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J Hosp Infect. 2004 Oct;58(2):146-50.

Bacteriological screening of expressed breast milk revealed a high rate of bacterial contamination in Chinese women.

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1
Department of Paediatrics, Kwong Wah Hospital, Waterloo Road, Hong Kong SAR, People's Republic of China. dkkng@ha.org.hk

Abstract

A screening programme for expressed breast milk (EBM) revealed the alarming fact that our study group had the highest rate of contamination ever reported. The programme started in July 2002 and involved a group of Chinese women whose premature babies were in the neonatal intensive care unit. EBM was considered to be contaminated if there was any growth of pathogens, including Gram-negative bacteria, enterococci or Staphylococcus aureus, or if the total bacterial count was >10(5) cfu/mL. Of 59 samples from 23 mothers, 63% were contaminated. This high contamination rate could be due to the Chinese tradition of avoiding bathing for one month after childbirth. Previous studies have shown that feeding EBM rather than premature infant formula milk has advantages in terms of decreased incidence of necrotizing enterocolitis and neonatal sepsis. However, in this population, with such a high incidence of contaminated EBM, this may not be the case. Further studies to compare EBM with premature infant formula in this population are required.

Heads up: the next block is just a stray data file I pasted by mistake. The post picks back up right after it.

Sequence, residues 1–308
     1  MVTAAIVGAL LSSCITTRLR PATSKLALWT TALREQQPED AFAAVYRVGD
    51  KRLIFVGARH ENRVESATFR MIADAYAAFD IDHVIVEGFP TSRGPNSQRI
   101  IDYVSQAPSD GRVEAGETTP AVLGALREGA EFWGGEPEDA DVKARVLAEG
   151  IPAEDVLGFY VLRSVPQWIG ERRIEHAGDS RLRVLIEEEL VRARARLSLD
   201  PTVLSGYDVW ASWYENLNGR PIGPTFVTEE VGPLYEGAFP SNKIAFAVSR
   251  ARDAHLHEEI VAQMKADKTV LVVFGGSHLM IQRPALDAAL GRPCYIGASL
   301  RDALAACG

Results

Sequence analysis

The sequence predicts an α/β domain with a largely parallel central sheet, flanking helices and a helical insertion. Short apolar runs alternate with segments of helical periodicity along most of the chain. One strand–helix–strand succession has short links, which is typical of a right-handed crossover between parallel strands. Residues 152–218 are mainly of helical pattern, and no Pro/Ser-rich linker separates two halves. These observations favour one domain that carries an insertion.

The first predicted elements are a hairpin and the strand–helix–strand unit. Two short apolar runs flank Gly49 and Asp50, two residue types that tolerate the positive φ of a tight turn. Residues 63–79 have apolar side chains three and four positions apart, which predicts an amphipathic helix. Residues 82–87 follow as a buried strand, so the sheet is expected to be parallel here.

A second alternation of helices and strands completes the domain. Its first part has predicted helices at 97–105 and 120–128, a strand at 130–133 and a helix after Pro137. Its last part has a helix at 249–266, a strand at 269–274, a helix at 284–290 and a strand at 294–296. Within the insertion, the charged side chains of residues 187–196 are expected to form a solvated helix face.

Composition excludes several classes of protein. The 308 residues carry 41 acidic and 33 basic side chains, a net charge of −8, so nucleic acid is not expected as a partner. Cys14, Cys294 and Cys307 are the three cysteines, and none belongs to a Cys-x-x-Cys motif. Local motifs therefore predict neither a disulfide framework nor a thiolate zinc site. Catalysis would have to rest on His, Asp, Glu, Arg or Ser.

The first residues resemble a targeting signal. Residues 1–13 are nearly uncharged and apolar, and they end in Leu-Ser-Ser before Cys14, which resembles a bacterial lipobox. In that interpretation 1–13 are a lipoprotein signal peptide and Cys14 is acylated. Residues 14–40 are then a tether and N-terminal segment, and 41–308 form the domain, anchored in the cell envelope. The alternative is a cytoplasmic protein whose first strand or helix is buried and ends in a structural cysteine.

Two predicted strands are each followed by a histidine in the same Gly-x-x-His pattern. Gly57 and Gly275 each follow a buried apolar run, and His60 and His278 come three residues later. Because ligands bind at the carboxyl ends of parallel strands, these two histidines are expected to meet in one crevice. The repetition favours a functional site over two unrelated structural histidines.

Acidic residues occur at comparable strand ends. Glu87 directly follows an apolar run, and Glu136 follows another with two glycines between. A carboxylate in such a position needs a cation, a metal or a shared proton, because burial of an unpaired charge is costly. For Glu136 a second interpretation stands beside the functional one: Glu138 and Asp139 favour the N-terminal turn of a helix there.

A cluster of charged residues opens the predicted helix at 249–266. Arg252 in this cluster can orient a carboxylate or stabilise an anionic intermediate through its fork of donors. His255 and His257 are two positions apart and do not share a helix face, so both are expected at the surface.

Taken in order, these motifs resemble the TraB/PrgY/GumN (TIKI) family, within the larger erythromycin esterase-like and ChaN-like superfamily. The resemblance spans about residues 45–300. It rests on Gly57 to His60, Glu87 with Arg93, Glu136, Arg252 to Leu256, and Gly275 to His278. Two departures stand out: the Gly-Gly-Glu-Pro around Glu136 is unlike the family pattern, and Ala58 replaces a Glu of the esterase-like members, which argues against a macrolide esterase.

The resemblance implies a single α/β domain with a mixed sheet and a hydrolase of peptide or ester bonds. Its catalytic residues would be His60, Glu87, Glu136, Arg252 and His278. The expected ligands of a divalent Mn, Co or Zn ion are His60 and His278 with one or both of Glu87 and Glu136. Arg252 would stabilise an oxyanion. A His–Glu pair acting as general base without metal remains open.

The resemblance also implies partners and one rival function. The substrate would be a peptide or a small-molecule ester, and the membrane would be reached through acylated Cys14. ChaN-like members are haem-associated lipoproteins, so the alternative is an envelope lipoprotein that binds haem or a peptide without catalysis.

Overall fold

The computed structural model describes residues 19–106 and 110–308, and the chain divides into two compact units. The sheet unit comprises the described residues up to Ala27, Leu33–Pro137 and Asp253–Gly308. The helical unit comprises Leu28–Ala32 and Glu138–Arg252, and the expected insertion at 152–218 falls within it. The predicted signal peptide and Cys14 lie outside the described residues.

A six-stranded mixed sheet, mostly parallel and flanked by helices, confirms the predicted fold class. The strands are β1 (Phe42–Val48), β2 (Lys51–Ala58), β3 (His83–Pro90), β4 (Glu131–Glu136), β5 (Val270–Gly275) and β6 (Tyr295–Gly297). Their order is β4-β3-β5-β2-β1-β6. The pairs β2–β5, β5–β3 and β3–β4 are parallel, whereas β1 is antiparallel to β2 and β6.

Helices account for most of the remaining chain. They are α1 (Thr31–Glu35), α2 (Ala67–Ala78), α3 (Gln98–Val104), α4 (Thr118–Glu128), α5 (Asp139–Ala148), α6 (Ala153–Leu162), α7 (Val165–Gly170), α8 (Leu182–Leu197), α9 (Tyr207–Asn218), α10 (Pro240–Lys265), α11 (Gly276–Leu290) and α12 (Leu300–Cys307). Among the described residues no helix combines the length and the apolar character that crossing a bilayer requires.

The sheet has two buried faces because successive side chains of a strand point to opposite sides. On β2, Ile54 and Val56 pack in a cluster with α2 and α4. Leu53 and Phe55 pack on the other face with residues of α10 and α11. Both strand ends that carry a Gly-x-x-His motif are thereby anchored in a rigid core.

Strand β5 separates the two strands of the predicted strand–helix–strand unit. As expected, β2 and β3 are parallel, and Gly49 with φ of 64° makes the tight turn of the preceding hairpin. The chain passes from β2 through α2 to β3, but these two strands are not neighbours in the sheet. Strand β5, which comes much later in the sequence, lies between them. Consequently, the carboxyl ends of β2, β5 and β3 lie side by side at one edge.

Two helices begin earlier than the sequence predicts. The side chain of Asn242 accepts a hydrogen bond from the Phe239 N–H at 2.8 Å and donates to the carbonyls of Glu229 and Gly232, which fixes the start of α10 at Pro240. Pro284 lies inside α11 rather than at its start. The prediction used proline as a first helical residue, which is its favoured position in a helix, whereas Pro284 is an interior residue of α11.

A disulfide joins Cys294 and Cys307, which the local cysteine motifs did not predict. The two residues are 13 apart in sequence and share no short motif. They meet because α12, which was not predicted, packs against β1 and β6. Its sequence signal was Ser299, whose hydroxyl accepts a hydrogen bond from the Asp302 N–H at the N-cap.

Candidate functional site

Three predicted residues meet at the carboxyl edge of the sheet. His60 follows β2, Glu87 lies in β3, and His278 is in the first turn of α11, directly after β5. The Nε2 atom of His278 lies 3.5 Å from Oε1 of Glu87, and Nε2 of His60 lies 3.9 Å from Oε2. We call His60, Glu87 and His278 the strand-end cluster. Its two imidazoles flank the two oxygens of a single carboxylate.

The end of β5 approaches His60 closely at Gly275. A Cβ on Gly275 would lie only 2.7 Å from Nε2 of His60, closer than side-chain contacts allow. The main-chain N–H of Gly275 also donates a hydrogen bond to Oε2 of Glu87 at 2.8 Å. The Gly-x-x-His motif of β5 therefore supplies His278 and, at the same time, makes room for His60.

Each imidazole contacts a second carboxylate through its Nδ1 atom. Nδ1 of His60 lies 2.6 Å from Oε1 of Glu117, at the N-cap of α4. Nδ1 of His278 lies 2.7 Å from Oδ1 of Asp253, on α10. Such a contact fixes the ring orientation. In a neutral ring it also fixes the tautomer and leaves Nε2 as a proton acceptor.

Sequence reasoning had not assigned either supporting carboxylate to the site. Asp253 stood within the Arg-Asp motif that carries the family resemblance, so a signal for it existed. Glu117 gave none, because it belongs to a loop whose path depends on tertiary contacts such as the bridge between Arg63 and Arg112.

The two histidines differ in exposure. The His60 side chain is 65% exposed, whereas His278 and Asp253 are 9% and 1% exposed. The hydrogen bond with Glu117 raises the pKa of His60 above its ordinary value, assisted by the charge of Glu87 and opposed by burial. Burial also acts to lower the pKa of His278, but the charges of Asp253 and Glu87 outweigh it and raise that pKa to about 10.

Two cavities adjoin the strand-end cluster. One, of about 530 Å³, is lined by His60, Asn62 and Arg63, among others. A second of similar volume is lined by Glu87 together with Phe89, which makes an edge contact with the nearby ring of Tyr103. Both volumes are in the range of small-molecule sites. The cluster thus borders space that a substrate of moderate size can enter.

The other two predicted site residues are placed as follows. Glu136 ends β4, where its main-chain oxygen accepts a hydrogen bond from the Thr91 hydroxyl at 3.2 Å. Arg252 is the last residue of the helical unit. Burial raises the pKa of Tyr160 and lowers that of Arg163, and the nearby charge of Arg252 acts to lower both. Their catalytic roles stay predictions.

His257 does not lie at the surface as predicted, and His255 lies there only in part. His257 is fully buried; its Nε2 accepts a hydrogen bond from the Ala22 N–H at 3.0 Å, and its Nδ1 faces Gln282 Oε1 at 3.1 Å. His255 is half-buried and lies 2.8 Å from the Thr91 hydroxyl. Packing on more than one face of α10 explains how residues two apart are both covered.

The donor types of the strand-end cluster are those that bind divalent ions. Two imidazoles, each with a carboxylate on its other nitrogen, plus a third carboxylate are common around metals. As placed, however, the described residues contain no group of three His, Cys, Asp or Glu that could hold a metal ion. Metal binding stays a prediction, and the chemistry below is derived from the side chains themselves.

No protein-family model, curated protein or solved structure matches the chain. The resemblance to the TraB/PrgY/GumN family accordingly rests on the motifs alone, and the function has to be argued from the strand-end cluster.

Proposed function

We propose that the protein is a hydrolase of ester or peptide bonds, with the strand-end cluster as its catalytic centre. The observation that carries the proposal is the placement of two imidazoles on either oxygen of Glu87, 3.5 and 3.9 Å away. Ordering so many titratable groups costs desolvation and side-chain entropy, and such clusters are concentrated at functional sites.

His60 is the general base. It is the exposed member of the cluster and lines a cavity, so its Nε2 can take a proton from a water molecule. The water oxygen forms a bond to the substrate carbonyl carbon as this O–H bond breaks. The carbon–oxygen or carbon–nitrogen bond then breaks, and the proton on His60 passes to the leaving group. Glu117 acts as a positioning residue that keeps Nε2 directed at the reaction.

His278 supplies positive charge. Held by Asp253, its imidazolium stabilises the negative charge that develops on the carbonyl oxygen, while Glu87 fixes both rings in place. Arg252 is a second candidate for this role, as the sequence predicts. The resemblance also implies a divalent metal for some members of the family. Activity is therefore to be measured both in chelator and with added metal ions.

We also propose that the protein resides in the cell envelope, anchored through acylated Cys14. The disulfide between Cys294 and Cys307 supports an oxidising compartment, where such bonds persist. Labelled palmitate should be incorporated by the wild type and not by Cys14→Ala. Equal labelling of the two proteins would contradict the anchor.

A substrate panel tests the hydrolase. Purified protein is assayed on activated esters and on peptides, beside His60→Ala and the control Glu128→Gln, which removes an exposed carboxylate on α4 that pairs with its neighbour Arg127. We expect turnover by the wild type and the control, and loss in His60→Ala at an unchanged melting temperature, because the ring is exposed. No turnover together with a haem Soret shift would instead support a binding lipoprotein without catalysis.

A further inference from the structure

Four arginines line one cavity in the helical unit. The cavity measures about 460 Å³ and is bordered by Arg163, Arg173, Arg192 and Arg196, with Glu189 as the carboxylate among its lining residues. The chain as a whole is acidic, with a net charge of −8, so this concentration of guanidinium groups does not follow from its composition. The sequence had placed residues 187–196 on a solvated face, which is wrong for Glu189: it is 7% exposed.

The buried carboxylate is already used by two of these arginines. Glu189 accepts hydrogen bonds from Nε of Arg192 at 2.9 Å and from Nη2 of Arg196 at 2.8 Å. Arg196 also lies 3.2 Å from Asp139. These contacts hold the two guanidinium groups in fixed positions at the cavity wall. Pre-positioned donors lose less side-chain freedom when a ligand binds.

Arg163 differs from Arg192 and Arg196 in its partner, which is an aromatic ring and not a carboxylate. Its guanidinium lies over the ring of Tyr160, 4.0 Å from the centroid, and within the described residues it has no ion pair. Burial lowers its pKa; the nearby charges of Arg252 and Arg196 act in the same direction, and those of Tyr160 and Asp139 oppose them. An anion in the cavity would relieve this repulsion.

PMID:
15474186
DOI:
10.1016/j.jhin.2004.05.018
[Indexed for MEDLINE]
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